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- DescriptionFor two centuries, American presidents have considered themselves to be representatives of the American people. In this detailed study of presidential representation, Gary Gregg explores the theory, history, and consequences of presidents acting as representatives in the American political system. Gregg explores questions such as what it means to be a representative, how the Founding Fathers understood the place of the presidency in the Republic established by the Constitution, and the effects a representational presidency has on deliberative democracy. This important examination of the presidency's place in our political system is essential reading for those interested in American political theory, constitutional studies, and American history.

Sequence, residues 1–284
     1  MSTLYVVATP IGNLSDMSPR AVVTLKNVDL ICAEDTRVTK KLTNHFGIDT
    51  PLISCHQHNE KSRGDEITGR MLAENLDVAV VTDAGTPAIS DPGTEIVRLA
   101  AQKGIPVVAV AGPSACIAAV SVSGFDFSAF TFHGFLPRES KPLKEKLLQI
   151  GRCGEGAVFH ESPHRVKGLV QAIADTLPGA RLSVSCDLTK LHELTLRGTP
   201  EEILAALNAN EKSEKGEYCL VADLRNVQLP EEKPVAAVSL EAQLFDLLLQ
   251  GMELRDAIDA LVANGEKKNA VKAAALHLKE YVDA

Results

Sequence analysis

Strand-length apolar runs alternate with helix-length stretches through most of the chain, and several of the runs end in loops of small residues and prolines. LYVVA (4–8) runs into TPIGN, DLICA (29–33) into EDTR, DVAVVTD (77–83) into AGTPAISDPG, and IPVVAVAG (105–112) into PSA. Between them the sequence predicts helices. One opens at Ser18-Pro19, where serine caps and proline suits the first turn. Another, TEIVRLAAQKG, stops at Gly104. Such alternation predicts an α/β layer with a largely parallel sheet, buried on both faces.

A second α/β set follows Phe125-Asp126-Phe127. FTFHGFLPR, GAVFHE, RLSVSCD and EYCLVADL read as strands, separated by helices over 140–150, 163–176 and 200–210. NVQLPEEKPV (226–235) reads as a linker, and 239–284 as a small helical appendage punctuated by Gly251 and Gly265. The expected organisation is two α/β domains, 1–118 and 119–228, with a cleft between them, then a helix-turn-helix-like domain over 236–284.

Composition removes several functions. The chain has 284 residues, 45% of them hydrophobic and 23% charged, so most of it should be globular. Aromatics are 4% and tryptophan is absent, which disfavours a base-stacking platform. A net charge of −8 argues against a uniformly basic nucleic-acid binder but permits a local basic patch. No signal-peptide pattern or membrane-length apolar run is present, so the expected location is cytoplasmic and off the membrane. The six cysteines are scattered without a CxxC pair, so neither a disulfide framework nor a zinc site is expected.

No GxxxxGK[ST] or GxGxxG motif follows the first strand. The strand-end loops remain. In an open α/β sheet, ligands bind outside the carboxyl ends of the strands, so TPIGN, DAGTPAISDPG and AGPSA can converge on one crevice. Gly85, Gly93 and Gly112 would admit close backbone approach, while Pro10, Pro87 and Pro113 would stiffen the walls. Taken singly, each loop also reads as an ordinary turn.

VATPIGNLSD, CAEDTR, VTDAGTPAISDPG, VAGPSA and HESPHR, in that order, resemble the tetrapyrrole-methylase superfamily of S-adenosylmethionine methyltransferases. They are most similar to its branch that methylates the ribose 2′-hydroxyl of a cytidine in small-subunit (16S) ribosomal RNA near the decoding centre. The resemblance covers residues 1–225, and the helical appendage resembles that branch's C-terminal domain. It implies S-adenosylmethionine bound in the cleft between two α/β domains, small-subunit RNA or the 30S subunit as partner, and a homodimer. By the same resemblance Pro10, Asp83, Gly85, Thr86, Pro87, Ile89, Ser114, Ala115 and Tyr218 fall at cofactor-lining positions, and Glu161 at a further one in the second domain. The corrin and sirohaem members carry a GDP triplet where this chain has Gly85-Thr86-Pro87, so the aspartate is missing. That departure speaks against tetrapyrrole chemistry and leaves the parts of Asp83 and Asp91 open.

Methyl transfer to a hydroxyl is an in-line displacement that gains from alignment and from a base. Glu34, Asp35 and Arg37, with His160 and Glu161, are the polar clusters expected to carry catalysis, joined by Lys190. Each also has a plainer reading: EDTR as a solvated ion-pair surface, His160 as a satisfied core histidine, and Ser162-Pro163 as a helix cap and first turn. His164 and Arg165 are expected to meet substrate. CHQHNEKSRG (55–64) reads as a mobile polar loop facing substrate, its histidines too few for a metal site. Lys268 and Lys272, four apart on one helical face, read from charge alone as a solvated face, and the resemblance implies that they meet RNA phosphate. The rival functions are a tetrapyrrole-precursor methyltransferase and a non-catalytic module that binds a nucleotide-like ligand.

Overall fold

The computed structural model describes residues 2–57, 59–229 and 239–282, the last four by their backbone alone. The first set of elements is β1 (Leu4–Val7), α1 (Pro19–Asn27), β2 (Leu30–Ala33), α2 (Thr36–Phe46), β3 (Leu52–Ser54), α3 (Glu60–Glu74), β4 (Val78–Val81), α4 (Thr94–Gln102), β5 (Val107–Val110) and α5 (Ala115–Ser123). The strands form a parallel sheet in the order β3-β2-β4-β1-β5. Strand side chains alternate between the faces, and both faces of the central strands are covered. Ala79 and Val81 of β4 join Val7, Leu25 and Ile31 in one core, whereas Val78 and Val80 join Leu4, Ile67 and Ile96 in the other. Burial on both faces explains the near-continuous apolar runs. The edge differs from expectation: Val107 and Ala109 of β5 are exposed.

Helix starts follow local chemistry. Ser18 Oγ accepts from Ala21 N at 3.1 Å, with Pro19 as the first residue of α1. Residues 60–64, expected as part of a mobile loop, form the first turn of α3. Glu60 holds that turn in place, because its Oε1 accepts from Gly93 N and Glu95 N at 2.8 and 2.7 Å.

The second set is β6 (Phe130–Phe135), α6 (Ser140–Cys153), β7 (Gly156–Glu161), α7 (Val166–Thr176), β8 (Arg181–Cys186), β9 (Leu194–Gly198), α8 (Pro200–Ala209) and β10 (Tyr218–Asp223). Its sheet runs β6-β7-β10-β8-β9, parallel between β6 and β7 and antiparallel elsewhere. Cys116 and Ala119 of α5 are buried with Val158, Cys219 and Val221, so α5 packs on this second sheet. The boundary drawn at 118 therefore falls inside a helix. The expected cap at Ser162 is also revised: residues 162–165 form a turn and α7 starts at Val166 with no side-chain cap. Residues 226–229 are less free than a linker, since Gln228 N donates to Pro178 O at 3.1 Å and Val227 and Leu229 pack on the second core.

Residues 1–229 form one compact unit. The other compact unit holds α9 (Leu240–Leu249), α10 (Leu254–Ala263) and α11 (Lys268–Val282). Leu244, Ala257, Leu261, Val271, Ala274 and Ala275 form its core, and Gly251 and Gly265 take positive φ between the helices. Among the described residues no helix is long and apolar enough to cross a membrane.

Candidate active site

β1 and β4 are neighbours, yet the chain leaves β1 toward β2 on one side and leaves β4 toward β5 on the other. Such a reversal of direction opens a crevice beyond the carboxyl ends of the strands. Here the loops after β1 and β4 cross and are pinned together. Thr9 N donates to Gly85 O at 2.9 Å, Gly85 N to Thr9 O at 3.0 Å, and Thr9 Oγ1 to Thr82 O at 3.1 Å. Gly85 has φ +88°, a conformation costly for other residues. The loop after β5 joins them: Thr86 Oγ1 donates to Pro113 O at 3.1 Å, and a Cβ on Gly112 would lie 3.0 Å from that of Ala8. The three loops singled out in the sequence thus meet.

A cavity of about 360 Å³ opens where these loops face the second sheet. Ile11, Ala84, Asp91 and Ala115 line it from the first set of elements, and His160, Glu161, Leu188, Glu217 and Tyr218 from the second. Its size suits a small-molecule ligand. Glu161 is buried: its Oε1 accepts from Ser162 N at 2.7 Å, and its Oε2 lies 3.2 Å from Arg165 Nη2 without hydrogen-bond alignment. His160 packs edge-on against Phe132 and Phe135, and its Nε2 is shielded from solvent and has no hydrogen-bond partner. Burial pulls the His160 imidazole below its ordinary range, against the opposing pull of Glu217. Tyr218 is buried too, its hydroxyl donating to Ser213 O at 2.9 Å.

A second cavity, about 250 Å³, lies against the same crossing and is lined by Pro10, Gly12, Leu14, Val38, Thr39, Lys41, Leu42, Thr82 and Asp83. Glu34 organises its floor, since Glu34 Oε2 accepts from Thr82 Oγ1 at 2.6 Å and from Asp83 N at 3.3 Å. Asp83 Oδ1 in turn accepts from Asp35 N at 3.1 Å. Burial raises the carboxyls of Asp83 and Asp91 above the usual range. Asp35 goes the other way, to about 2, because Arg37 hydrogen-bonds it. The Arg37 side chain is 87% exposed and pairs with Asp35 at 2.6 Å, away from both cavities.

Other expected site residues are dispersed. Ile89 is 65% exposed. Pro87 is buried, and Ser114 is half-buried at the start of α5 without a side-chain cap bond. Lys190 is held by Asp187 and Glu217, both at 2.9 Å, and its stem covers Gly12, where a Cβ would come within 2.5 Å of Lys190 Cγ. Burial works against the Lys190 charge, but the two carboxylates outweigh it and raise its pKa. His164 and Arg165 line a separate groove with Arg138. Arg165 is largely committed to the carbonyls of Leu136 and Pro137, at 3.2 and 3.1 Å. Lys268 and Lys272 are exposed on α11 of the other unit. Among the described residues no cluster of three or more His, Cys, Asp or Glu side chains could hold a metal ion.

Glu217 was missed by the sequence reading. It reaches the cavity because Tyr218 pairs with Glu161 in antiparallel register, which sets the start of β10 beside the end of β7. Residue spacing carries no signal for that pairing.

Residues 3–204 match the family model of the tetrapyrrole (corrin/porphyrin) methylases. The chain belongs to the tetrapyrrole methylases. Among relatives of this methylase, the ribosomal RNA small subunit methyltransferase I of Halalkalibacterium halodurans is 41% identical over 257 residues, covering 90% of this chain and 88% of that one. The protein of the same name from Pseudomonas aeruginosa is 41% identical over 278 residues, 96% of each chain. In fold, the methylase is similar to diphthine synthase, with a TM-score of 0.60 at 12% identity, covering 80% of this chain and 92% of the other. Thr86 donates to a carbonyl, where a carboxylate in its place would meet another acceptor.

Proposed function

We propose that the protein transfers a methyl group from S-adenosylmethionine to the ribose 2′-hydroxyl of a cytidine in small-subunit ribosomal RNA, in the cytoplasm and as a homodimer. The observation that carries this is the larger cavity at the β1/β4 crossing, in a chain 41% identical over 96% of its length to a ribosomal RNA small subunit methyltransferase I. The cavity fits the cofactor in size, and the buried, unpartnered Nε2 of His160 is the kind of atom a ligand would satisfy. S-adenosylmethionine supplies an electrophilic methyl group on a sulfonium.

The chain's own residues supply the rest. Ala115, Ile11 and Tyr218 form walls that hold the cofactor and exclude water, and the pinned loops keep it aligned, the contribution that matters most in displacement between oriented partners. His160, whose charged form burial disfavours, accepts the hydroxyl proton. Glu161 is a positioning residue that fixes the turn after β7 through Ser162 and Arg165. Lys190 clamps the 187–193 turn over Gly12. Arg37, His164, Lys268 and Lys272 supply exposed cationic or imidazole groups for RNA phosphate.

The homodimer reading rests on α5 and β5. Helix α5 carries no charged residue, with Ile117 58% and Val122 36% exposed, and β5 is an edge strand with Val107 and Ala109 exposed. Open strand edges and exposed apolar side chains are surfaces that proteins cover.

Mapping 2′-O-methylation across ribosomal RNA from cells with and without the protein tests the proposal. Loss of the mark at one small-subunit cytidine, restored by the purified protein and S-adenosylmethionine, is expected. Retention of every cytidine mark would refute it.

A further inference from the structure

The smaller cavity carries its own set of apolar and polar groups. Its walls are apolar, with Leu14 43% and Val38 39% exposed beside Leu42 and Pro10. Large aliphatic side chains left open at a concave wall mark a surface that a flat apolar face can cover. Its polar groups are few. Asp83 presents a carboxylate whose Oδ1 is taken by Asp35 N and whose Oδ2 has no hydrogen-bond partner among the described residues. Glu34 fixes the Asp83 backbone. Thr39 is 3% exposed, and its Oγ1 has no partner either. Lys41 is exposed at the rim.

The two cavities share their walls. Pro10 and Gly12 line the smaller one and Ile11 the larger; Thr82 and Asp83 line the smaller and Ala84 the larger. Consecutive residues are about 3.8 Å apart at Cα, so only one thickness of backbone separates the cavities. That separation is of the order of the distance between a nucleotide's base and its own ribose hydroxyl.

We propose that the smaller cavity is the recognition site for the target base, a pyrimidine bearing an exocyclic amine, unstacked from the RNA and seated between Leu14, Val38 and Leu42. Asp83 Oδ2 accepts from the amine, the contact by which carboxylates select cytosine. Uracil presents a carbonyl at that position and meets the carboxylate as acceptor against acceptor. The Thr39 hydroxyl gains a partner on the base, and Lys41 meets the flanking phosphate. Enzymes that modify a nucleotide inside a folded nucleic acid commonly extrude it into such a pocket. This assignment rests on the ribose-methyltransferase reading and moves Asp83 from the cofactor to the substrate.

- Author BiographyGary L. Gregg, II is assistant professor of political science at Clarion University of Pennsylvania.
- Author(s)Gary L. Gregg
- PublisherRowman & Littlefield
- Date of Publication28/01/1996
- SubjectPolitical Science & Theory
- Place of PublicationLanham, MD
- Country of PublicationUnited States
- ImprintRowman & Littlefield
- Content Noteindex
- Weight354 g
- Width150 mm
- Height228 mm
- Spine14 mm
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